Appreciation

The Color Out Of Time by Michael Shea

Posted Fall 2018


It's that time of year! I love October, because it invariably means that I will devour as much horror and weird fiction as possible before the big candy-fueled bash at the end of the month. Usually, that means quite a bit of H.P. Lovecraft. I re-read a few of his stories, listened to a bunch of the radio dramas created by the H.P. Lovecraft Historical Society and recently I picked up The Colour Out of Time by Michael Shea.

I first heard of the author on the H.P. Lovecraft Literary Podcast - Patton Oswalt was a guest on a few of his short stories and positively gushed about his talents. After listening to Chris Lackey, Chad Fifer, and Mr. Oswalt himself discuss the short story Tsathoggua (another of Shea's creations), I decided that I would grab the Kindle edition of The Colour Out of Time at my earliest opportunity.

Am I ever glad I did.

Although I tell myself that I prefer stories that delve deeply into the philosophical underpinnings of life, this book hardly fit the bill. And it was all the better for it. It was almost like reading a B-movie, but in the best possible way. It was campy and ridiculous at times, but Shea's command of prose is something to be witnessed. The writing in the story was unique - Shea aped Lovecraft's verbosity, given some contextual believability by telling the story through the point of view of two erudite retirees camping at a lake.

In short, it made sense that it was wordy because the protagonists were, for lack of a better term, nerds (and I say that as a card-carrying nerd).

Contrast this notion with the fact that they drank heavily throughout the book. Sternbrook and Carlsberg, said former professors from whose perspective the story was told, were constantly downing whiskey and dark beer chasers. When they hook up with third elderly heroine Sharon Harms, she starts them off by offering whiskey. The story was booze-soaked, and I understand Michael Shea had some issues with alcohol consumption during his early years. I am not sure when he gave it up, but the amount of times drinking was referenced became an almost comical feature of the story. They would have a shot and beer on nearly every page of the novel.

The story itself was a sequel to The Colour Out of Space, one of my favourite Lovecraft stories. Essentially, the contamination from beyond our skies that was central to the plot of the Lovecraft story persisted through to present day (The Colour Out of Time was published in 1984). A river was dammed up and a lake was formed on the site of the extraterrestrial rot and this spawned a horrific creature that actively sought out human prey.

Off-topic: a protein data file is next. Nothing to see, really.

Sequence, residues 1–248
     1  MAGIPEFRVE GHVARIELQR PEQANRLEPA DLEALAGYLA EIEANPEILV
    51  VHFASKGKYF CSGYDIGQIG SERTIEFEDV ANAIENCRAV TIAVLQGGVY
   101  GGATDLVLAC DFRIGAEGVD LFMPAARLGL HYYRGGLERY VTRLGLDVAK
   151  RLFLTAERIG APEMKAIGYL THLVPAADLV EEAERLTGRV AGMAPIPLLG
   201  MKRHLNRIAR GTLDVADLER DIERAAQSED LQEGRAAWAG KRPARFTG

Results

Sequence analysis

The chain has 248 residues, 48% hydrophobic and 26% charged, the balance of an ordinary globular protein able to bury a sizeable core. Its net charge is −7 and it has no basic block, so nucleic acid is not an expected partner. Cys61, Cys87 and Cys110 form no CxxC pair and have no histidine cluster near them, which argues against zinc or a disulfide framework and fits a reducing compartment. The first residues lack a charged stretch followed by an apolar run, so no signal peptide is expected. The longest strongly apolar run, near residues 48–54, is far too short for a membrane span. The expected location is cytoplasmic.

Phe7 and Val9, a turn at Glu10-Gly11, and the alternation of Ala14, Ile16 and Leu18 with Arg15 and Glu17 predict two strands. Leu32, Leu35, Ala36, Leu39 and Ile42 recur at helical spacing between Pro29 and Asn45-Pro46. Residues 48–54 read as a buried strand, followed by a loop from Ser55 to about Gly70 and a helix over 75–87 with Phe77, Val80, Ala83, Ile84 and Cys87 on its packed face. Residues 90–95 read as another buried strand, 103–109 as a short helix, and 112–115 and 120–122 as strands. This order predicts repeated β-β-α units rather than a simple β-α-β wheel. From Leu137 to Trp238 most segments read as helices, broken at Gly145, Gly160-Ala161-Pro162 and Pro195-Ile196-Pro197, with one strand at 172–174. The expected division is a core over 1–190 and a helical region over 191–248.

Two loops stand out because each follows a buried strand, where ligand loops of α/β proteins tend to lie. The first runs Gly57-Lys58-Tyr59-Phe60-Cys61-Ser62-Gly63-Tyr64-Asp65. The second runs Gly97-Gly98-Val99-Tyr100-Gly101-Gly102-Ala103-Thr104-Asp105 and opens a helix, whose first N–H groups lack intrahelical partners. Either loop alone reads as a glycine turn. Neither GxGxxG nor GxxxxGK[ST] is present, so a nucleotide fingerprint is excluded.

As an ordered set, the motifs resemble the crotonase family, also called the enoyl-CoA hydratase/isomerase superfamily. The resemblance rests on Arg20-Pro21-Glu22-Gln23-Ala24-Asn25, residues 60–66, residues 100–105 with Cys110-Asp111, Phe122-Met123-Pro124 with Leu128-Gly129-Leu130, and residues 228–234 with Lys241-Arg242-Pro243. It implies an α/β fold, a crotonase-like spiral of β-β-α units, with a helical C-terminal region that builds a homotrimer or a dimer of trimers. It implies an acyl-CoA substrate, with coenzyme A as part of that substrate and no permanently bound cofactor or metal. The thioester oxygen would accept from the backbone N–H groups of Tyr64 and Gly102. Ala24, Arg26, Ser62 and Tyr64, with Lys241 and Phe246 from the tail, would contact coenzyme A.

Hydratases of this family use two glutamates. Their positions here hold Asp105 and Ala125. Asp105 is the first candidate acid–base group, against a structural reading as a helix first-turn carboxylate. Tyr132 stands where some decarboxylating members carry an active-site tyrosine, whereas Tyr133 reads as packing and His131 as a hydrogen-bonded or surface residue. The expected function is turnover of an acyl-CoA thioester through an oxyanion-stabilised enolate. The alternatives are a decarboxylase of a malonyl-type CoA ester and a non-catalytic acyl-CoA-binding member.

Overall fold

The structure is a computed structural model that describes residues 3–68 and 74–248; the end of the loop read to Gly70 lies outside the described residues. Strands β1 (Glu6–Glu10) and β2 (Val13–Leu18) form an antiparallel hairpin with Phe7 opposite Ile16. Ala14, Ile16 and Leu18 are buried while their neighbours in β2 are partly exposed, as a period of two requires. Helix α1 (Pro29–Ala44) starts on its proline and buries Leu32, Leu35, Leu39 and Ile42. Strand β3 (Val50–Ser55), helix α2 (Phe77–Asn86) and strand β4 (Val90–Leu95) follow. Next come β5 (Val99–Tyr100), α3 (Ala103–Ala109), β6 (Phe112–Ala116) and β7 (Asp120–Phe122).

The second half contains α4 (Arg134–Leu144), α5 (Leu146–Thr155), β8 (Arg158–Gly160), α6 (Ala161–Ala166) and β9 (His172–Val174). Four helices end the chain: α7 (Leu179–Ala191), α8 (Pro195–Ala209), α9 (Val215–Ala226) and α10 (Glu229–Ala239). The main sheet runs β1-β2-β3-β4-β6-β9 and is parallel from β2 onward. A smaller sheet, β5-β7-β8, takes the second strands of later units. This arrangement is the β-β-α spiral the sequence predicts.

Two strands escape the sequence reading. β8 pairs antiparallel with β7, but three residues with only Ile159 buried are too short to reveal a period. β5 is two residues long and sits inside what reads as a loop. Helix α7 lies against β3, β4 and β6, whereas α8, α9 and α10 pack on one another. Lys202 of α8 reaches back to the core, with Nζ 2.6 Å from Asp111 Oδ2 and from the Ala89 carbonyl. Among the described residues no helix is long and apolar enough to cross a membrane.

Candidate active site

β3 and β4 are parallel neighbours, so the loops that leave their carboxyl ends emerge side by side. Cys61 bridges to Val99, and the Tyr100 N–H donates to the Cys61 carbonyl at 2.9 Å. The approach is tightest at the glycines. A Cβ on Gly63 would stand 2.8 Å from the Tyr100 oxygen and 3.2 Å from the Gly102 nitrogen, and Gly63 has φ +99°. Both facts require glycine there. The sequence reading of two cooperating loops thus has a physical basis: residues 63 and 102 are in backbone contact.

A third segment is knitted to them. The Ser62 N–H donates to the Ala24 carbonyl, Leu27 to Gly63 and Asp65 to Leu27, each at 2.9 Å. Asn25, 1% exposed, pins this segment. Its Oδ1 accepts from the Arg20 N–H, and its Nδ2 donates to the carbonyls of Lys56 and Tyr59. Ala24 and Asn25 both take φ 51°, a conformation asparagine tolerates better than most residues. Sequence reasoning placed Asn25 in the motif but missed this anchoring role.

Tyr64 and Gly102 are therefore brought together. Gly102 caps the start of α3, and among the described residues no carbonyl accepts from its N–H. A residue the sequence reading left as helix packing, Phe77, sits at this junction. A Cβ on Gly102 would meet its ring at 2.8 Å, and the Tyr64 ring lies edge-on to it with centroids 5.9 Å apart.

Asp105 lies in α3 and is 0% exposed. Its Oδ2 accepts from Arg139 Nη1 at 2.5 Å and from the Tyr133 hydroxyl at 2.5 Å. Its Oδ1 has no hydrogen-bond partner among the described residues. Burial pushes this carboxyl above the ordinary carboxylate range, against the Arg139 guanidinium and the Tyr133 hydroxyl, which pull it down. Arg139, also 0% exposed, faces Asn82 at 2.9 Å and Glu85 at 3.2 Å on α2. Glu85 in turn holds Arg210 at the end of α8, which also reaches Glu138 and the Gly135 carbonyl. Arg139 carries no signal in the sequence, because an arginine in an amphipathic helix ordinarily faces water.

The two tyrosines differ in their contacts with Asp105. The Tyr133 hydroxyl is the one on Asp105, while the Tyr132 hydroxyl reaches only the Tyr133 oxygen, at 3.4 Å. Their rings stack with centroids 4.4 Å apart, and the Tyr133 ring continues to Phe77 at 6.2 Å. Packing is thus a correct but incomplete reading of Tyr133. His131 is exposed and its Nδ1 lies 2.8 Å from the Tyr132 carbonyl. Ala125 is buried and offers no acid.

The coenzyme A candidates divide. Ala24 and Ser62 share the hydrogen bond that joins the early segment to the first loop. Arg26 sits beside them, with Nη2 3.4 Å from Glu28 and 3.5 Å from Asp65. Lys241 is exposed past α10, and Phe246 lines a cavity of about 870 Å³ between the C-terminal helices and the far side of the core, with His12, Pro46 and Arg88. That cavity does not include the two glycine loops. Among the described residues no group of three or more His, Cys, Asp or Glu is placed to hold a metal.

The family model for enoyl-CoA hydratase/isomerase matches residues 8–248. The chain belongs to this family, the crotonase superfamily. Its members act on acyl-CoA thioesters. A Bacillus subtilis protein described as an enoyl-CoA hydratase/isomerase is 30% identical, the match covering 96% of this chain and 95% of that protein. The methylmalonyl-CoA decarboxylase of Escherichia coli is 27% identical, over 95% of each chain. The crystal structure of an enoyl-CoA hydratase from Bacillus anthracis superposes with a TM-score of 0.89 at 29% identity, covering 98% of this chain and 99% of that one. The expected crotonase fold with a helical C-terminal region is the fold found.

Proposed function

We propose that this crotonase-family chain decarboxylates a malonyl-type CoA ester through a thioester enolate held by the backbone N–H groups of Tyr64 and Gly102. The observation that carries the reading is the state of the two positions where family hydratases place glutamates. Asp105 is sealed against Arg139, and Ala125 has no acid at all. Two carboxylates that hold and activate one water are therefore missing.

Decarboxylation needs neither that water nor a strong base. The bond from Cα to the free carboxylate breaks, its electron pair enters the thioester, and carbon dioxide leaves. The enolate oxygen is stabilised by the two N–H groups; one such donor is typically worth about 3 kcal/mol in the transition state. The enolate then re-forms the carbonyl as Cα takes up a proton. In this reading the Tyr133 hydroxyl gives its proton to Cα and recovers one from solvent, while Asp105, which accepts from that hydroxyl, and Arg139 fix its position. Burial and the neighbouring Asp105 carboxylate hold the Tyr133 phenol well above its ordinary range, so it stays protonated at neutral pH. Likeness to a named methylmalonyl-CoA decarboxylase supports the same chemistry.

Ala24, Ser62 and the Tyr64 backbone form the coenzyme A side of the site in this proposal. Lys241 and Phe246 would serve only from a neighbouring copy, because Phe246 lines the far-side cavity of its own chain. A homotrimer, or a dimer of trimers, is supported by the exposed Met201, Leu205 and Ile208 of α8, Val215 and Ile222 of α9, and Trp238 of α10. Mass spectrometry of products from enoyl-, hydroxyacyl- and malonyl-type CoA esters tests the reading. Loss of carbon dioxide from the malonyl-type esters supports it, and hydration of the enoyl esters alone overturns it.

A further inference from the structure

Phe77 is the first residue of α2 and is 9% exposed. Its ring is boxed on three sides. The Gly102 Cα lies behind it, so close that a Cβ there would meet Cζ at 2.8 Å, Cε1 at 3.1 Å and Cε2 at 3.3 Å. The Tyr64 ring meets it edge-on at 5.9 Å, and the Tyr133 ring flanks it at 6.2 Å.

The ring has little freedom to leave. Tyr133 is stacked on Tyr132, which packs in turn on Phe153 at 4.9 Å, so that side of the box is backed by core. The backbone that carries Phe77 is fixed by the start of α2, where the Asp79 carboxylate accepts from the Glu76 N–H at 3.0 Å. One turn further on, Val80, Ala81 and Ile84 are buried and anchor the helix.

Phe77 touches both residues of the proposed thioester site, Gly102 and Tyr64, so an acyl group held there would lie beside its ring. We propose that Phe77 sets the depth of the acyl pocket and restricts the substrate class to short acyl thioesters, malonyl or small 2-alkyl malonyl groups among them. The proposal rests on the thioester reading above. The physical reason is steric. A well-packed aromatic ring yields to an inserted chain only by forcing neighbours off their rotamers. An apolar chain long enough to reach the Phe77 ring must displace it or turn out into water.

To be perfectly fair, the monster was the weakest part of the story. Couple that with the fact that H.P. Lovecraft himself was in the story, someone whom Harms had met in her youth. This was a bit of an oddity to me, something that felt a little uninspired. But, I have come to understand that it is a frequent feature of Mythos stories.

One of the best features, in my view, was the character of Hargis. He was one of the fellow campers at the lake, a man who was basically a satire of machismo. He had guns and beer and a floating card game on a boat in the lake. He was gregarious and made allies with the other men. The climax of the story was a showdown of sorts between the nerds and this antagonistic jock, who was unwitting ally to the monster.

Whenever Hargis was mentioned, I had a smile on my face. It was just plain funny, the way he was described.

I would recommend the story without reservation. Michael Shea had a gift for writing, no doubt about it. I picked up Demiurge, his collection of Mythos short stories, shortly after I finished the book (I devoured it in a matter of days). Nifft The Lean, an out of print novel that was his first stab at sword and sorcery fantasy, is on its way to me in second-hand format.

If you're a fan of Lovecraft at all, The Colour Out of Time is a bit of a cheesy gem. Don't go in expecting anything more than a popcorn novel, if such a thing even exists.

A taste of Hargis:

"Hargis possessed an impressive arsenal of macho fetishes and totemic objects essential for the Male Club in its modern North American form. He had a gun collection, a full-size, collapsible card table,a video-and-cassette player with twenty-inch screen and thirty-inch speakers, a library of expensive pornographic magazines, a portable pool table, a well-stocked bar, and a generator only a bit less powerful than the one we had just brought up. To invite "key" men among the other campers—sub-dominants, so to speak—over to this private valhalla of hardware for a drink and a talk about "this contamination thing," was an easy matter, as was the bringing-around of these men to an accord, once in the jovial, conspiratorial atmosphere of his well-furnished "clubhouse.""

Much love,

Andrew